The Deipnosophists; Or, Banquet of the Learned, Volume 1

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H.G. Bohn, 1854 - Literature - 1252 pages
 

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Page 292 - Tis ours the chance of fighting fields to try, Thine to look on, and bid the valiant die. So much 'tis safer through the camp to go, And rob a subject, than despoil a foe.
Page 61 - True love's the gift which God has given To man alone beneath the heaven : It is not fantasy's hot fire, Whose wishes, soon as granted, fly ; It liveth not in fierce desire, With dead desire it doth not die ; It is the secret sympathy, The silver link, the silken tie, Which heart to heart, and mind to mind, In body and in soul can bind.
Page 299 - They cried, No wonder, such celestial charms For nine long years have set the world in arms ; What winning graces ! what majestic mien ! She moves a goddess, and she looks a queen ! Yet hence, oh Heaven '. convey that fatal face, And from destruction save the Trojan race.
Page 296 - Of these the sides adorn'd with swords of gold, That, glittering gay, from silver belts depend. Now all at once they rise, at once descend, With well-taught feet: now shape, in oblique ways, Confus'dly regular, the moving maze: Now forth at once, too swift for sight, they spring, And undistinguish'd blend the flying ring: So whirls a wheel, in giddy circle toss'd, And, rapid as it runs, the single spokes are lost.
Page 59 - These are the wholesome draughts which wise men please, Who from the banquet home return in peace. From a fourth measure insolence proceeds ; Uproar a fifth, a sixth wild license breeds ; A seventh brings black eyes and livid bruises, The eighth the constable next introduces ; Black...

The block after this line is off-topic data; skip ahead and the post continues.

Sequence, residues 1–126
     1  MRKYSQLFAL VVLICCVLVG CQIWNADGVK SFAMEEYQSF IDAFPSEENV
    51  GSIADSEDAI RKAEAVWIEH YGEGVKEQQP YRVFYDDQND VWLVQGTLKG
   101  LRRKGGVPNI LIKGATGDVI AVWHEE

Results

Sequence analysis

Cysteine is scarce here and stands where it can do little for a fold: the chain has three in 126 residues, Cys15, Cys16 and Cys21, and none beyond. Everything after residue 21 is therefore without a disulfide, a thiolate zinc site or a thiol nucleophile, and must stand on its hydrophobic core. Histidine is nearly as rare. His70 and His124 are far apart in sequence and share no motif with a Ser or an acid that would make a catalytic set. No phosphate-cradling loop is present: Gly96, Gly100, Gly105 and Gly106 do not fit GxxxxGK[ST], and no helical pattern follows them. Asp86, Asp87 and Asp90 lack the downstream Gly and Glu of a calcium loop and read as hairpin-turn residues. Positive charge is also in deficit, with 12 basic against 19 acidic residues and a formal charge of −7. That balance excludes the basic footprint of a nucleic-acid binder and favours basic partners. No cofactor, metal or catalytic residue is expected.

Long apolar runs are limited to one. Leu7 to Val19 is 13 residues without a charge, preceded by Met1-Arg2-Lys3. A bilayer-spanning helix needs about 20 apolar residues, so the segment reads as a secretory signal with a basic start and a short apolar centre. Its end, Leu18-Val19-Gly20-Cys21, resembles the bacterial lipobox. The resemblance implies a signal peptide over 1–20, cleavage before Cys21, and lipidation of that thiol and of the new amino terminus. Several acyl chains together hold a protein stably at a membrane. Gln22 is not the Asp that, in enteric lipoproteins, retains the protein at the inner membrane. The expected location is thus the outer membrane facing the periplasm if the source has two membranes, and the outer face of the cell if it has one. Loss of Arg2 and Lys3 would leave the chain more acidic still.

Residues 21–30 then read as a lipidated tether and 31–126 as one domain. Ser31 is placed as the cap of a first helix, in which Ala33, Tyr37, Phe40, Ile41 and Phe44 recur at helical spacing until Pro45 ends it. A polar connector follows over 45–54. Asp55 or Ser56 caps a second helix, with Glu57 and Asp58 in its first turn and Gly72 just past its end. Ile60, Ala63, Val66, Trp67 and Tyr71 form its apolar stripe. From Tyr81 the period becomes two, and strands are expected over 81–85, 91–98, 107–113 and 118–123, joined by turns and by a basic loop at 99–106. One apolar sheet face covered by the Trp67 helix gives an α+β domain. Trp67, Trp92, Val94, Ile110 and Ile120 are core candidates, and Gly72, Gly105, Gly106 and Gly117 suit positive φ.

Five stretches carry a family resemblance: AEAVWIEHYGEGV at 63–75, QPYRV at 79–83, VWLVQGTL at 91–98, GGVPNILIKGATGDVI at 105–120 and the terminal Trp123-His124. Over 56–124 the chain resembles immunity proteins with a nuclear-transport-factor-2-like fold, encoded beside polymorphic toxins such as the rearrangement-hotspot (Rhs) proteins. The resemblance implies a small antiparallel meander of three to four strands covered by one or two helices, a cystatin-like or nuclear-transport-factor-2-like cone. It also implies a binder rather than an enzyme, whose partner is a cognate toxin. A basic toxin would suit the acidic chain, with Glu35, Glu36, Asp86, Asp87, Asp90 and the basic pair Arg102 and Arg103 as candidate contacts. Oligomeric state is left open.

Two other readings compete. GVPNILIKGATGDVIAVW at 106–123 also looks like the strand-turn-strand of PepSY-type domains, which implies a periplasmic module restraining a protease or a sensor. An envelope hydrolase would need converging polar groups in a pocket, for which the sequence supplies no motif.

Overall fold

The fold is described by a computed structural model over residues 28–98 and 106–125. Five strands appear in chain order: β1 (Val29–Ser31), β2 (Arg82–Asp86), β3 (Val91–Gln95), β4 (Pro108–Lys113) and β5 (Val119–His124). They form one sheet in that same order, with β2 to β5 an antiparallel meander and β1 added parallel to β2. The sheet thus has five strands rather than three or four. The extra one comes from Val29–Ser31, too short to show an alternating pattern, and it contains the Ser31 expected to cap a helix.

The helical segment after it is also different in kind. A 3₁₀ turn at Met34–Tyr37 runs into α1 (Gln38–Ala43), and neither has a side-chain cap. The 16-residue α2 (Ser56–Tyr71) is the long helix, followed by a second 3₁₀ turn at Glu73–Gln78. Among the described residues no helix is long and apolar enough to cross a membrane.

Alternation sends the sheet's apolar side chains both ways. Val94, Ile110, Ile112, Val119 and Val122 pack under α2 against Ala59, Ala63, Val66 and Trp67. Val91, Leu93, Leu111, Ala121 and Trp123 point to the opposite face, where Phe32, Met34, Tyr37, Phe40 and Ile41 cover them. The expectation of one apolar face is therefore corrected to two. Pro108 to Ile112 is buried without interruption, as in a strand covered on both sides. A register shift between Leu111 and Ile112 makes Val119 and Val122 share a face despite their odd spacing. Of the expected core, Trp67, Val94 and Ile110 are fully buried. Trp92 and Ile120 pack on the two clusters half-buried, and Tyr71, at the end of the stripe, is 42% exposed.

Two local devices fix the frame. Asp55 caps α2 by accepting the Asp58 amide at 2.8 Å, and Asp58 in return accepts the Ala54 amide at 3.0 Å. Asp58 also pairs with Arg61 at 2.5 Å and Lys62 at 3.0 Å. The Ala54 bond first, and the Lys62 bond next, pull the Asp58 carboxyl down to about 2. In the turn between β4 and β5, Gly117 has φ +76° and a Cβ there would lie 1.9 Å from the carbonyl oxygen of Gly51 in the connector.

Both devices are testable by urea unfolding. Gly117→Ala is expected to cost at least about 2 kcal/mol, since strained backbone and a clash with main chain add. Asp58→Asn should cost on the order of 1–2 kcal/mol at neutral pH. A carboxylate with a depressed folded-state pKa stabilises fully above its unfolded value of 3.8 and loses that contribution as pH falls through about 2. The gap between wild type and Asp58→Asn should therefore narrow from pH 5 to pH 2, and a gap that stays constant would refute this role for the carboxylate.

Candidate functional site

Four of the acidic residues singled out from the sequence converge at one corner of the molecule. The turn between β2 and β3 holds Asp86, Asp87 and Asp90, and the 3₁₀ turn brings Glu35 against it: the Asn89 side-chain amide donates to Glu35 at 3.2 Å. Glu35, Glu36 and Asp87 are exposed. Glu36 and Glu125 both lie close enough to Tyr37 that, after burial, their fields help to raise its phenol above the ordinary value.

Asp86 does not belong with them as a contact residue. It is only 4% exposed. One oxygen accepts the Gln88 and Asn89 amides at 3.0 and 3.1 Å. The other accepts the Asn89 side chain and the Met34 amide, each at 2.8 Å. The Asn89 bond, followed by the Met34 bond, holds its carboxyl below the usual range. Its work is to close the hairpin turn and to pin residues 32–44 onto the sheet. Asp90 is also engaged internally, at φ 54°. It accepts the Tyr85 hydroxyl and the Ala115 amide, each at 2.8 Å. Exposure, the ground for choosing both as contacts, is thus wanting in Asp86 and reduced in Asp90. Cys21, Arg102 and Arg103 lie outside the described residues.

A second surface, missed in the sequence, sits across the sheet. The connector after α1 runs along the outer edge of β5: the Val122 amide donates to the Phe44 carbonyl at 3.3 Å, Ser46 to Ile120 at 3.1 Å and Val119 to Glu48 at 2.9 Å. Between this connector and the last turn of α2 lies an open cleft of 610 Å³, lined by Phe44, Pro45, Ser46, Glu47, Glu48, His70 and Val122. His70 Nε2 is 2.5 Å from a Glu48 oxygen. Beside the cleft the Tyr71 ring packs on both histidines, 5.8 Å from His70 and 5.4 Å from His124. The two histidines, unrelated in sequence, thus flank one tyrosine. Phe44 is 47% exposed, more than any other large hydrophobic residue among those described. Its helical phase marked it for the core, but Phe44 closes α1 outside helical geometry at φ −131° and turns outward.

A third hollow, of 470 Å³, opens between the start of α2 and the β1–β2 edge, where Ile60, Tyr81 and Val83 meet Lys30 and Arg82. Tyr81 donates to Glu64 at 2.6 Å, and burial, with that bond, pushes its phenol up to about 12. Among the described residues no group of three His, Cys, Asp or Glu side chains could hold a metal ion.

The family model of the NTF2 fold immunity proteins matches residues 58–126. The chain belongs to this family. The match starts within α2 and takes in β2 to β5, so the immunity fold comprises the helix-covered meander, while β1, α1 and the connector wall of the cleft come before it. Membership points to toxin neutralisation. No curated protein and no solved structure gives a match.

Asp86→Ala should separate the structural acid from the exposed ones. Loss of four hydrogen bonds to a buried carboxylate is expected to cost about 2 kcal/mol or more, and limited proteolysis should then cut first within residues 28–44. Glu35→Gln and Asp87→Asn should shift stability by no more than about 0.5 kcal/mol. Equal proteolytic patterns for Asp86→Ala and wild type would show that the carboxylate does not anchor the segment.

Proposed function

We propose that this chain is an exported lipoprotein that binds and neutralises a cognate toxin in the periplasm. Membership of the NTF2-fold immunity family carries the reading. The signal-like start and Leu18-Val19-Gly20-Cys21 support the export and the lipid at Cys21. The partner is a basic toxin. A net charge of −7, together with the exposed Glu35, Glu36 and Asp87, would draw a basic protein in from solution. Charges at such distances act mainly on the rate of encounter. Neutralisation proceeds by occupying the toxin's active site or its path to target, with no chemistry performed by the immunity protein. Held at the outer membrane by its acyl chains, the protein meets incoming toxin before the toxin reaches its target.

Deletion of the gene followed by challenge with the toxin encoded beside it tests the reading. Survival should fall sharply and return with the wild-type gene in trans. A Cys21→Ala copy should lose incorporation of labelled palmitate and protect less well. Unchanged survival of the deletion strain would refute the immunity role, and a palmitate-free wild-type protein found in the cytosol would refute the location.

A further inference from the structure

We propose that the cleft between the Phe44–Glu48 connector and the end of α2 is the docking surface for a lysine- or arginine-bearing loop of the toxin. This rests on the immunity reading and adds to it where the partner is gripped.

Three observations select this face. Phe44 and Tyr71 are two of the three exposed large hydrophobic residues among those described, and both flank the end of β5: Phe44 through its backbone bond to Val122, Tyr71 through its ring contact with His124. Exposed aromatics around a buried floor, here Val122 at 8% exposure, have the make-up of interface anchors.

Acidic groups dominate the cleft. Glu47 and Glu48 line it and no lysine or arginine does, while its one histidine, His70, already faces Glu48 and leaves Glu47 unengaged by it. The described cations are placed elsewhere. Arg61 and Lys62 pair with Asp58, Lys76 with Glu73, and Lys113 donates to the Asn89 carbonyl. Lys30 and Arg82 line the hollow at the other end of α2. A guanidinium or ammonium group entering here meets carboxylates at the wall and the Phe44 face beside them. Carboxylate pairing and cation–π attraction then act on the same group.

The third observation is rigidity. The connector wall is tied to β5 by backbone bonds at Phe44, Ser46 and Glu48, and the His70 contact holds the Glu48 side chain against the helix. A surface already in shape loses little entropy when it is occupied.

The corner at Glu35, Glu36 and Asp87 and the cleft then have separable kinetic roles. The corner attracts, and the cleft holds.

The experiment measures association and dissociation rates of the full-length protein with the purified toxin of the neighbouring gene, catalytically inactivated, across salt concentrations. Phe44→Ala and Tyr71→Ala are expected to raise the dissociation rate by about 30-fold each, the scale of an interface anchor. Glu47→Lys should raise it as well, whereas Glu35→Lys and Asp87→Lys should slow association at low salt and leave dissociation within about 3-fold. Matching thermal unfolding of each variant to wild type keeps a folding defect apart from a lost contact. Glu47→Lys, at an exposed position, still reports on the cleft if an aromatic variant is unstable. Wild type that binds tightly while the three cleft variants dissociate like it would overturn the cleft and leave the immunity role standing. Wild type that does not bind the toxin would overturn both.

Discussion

Page 294 - Tis sweet to play the fool in time and place, And wine can of their wits the wise beguile, Make the sage frolic, and the serious smile, The grave in merry measures frisk about, And many a long-repented word bring out.
Page 206 - The early Greek poet, Simonides, while at a banquet, observed that the liquor served to the other guests was cooled by snow. Whereupon he expressed his dissatisfaction in the following ode: "The cloak with which fierce Boreas clothed the brow Of high Olympus, pierced ill-clothed man While in its native Thrace; 'tis gentler now, Caught by the breeze of the Pierian plain. Let it be mine : for no one will commend The man who gives hot water to a friend.
Page 305 - The shining veil, and thus endearing said: "Accept, dear youth, this monument of love, Long since, in better days, by Helen wove: Safe in thy mother's care the vesture lay, To deck thy bride and grace thy nuptial day. Meantime may'st thou with happiest speed regain Thy stately palace, and thy wide domain.
Page 27 - Ithaca what sort of game the game of dice, as played by the suitors, was. For the suitors being a hundred and eight in number, arranged their pieces opposite to one another in equal numbers, they themselves also being divided into two equal parties, so that there were on each side fifty-four ; and between the men there was a small space left empty. And in this middle space they placed one man, which they called Penelope. And they made this the mark, to see if any one of them could hit it with his...
Page 308 - Replenish'd from the cool, translucent springs; With copious water the bright vase supplies A silver laver of capacious size; They wash. The tables in fair order spread, They heap the glittering canisters with bread: Viands of various kinds allure the taste, Of choicest sort and savour, rich repast! Delicious wines the attending herald brought; The gold gave lustre to the purple draught.

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